Butwin:  Our goal is to be in the practices and locations where our clients need us, as opposed to a “build it and they will come” strategy.  So, whatever we do, whether it’s opening offices, bringing in laterals, or going into a new practice, we’ll only do it if our clients are telling us that that’s what they want.  We don’t devise strategies divorced from our clients.

Another goal is to have deeper partnerships with firm-wide clients that satisfy four criteria: First, that they be large consumers of legal services; second, that they consume those services across multiple practice areas and geographies; third, that after a candid assessment, we conclude that our strengths match up with their needs—if they don’t, then it’s not prudent for us to continue; and fourth, that we believe we can execute on a strategy of serving them in many areas and geographies. In addition to these firm-wide clients, we have plenty of clients that we enjoy working for in a particular discipline or region.

On Diversity Within The Firm

Parnell:  Bounded rationality dictates that decisions are made from a perceptually-limited position—there is only so much information a single person can work with. Further, when you have a highly cohesive culture, available information can become limited and overly-homogeneous An antidote to this is diversity. Can you talk to me, generally, about diversity in the modern law firm?

Butwin:  Diversity is critical.  I mentioned earlier that firms that can innovate and figure out ways to deliver more value will “up” their game.  I think the other area of opportunity for law firms is in diversity.  Five years from now when you look at the firms that have made the biggest jumps, you will see firms that excel in client service, efficiency, value, and diversity.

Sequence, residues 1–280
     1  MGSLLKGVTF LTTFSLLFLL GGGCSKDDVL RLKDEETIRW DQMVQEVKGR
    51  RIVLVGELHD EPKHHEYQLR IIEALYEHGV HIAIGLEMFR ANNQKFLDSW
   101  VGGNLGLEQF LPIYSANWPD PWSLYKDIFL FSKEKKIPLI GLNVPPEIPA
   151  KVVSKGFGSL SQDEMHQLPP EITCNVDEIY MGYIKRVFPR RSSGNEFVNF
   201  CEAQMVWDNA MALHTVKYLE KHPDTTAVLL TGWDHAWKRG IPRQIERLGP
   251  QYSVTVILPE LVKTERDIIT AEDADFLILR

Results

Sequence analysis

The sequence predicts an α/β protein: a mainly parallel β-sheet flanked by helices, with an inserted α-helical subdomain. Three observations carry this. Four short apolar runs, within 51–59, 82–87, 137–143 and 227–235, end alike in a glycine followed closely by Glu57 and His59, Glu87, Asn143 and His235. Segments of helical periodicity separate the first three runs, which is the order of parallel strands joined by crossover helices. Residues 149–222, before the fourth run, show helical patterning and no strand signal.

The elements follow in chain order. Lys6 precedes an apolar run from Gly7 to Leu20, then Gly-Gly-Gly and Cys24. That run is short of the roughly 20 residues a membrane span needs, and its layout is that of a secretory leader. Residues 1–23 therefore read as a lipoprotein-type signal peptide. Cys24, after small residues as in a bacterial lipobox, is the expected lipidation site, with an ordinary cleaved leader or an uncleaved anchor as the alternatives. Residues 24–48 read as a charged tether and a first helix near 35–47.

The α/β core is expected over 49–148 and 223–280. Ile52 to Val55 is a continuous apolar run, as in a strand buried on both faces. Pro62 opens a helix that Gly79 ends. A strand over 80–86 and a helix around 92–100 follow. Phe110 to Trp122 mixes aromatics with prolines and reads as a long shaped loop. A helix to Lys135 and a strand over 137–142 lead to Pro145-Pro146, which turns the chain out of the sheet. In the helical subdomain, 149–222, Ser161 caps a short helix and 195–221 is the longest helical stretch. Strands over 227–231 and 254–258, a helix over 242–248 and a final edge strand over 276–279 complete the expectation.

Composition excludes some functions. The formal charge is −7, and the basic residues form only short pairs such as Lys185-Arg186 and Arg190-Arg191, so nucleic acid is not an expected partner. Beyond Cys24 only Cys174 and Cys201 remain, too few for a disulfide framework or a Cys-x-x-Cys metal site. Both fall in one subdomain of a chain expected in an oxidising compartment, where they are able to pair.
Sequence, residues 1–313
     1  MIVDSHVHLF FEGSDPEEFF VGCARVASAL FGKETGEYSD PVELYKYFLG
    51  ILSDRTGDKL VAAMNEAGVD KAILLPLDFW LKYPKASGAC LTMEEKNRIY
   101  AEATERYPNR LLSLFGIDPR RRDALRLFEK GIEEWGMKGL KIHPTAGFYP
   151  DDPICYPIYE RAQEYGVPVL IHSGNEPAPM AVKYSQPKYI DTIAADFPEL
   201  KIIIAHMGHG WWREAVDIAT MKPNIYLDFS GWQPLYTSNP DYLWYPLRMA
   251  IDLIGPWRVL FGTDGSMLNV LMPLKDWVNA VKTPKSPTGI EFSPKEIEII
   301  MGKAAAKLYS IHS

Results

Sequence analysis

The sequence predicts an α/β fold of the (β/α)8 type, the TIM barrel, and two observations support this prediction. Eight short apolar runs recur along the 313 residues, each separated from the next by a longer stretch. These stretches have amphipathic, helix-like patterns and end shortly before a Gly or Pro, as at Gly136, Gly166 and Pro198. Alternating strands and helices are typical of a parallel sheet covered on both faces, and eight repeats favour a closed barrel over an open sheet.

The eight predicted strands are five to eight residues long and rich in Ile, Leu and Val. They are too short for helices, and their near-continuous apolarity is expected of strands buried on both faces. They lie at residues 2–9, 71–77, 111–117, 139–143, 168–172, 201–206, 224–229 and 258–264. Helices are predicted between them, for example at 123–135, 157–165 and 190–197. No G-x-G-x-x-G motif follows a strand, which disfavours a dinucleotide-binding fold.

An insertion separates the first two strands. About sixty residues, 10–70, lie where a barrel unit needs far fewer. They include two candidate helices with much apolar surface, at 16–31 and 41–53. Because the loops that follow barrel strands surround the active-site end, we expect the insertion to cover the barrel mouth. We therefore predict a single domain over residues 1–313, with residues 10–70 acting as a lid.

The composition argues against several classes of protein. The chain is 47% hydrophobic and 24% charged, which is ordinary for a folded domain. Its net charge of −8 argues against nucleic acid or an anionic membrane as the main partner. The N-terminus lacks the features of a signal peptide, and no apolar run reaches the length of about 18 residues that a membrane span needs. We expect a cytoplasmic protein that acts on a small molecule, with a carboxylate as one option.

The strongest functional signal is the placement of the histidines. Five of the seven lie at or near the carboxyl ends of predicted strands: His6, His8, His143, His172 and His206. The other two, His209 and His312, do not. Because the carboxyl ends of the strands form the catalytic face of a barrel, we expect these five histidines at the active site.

Our ability to attract and retain diverse talent goes hand in hand with our long-range goals for success.  If you read our strategic plan, you will see diversity is mentioned prominently throughout.  To build and sustain enduring client relationships, we need diverse teams whose backgrounds and experiences reflect those of our clients.  That’s because communication styles, preferences, and approaches vary greatly within the organizations we serve—our clients.

Most of our clients are diverse.  Juries are diverse.  Judges are too.  So we have to be.  It’s not only the right thing to do, it’s a business imperative.  And the firms that get this right will have a significant edge over the competition.

On Numbers And Finances

Parnell:  Law firm finances—what are the numbers, at a higher level, that O’Melveny pays attention to in order to ensure performance and that things are moving along?  And how are you ensuring the financial hygiene within the firm?  Ensuring that partners are moving along with the program?